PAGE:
“He was gentle. He was kind. He was unfailingly polite. He had a funny and wicked sense of humor. He embraced us all. He lived fully, and he was joyful. He was satisfied by simple things. He was loving and he embraced being loved. He made us better people.” These are the words Connie McIntosh used to describe her late brother, Michael ‘Moose’ Cusack, who died recently at age 64. Born in 1958, a time when parents of children with Down syndrome were routinely encouraged to institutionalize their children, Cusack famously went on to become the “reason” for the Special Olympics.
When Esther and John Cusack received the diagnosis of Down syndrome in their newborn, they decided against an institution and chose a different path. The Cusacks were ahead of their time in believing that children with Down syndrome could lead full and fulfilling lives, and they acted on that conviction. When they couldn’t find a school for Michael, they banded together with other parents and founded one, renting a storefront in an Illinois suburb and hiring a retired teacher.
Michael, nicknamed “Moose” by his family, was about 10 years old when his father learned that the Chicago Park District was piloting a sports program for children with disabilities. One of Moose’s first teachers was Anne Burke, a 20-year-old physical education instructor who now serves as Chief Justice of the Illinois Supreme Court. She taught Moose to swim, and thus began a decades-long relationship with the Cusack family.
Burke’s idea to hold a citywide track meet for athletes with physical disabilities eventually spawned the Special Olympics, which was launched largely due to a grant from the Kennedy Foundation. Burke told the Chicago Tribune that Michael “was the impetus. He was the reason why we had the first Special Olympics. He’s kind of an icon in our group… the longest-serving athlete.” Moose won a gold medal in the freestyle swim at that event, and he kept on competing over the years until he was finally sidelined by a stroke in his 50s. While swimming was his main event, Moose also participated in basketball, floor hockey, bowling, and skiing.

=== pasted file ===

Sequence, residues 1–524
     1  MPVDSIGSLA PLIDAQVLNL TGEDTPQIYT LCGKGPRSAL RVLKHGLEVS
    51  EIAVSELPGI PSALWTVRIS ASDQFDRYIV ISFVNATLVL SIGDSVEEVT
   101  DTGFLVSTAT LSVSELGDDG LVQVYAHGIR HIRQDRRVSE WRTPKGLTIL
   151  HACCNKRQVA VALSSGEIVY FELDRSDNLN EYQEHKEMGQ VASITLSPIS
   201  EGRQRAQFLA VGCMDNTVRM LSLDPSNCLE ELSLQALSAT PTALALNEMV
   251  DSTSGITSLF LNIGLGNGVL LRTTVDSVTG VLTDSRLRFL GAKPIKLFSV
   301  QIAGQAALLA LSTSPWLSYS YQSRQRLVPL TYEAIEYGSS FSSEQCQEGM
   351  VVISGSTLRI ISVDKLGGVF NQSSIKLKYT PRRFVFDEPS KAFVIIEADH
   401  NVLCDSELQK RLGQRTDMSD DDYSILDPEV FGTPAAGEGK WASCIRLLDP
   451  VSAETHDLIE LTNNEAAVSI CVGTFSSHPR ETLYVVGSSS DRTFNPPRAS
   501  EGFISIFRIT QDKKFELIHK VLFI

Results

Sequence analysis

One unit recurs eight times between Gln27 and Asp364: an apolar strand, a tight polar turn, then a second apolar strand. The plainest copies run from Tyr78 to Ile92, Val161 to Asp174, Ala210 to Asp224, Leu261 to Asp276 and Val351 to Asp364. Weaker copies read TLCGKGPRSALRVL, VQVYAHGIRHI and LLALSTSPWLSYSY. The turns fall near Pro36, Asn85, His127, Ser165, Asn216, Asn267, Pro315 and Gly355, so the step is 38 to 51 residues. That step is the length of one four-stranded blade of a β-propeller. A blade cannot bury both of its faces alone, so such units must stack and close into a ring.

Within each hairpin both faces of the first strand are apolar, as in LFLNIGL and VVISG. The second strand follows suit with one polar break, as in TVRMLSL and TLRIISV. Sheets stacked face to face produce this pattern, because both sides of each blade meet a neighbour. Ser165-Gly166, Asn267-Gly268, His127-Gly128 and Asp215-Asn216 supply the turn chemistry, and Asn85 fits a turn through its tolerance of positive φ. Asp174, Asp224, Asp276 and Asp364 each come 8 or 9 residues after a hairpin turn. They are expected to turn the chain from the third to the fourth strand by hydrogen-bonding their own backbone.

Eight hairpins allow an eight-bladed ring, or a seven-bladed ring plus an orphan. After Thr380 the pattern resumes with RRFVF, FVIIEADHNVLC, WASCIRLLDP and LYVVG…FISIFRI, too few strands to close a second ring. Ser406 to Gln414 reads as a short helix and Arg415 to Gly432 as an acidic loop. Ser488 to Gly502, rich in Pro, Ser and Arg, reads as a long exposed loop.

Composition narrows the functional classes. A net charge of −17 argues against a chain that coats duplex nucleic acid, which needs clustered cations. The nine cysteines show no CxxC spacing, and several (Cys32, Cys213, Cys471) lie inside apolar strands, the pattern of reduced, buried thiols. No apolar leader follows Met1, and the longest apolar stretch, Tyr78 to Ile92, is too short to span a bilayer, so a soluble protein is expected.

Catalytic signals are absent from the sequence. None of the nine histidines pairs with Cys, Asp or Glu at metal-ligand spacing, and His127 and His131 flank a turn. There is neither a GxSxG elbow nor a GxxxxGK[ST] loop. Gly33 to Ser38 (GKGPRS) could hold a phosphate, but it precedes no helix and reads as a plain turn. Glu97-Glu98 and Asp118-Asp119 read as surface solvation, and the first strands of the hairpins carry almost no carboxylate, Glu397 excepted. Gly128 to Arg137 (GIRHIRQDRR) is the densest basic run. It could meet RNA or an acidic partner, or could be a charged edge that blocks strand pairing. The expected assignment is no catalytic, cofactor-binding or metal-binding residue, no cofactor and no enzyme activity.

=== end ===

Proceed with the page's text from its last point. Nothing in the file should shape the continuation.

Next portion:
More than the competitive aspect, Moose embraced the camaraderie of the Special Olympics. He connected with fellow athletes over their mutual love of Elvis, often dancing to his music and even dressing as Elvis for Halloween.
While the Special Olympics started practically in Moose’s backyard, at the time of his death it had become a worldwide movement. The most recent Special Olympics, held in 2019, drew 7,500 athletes competing in 24 events from over 170 countries. Globally, five million athletes participate.
After Moose died on December 17, 2020, of natural causes related to Alzheimer’s disease, a former coach noted that his entire family had made a difference for other individuals living with Down syndrome. “That whole family made an impact on the world,” she said. “I would like people to remember Michael by not only himself but his amazing family and how they set the standards for people with disabilities.”
Major accomplishments by individuals with Down syndrome are far more common today than at the time Michael Cusack was born. In December, Ellie Goldstein became the first person with Down syndrome to model in a marketing campaign for a high-end fashion company. In November of 2020, Chris Nikic became the first person with Down syndrome to compete in an Ironman triathlon. In 2017, Karen Gaffney became the first person with Down syndrome to successfully swim the English channel.
Still, there is much progress to be made when it comes to conversations with parents whose children receive a Down syndrome diagnosis, who often receive subtle or overt pressure to choose abortion. Every individual deserves to be welcomed and valued as Michael ‘Moose’ Cusack was by his parents, allowing him to thrive and to bless others by his life.
“Like” Live Action News on Facebook for more pro-life news and commentary!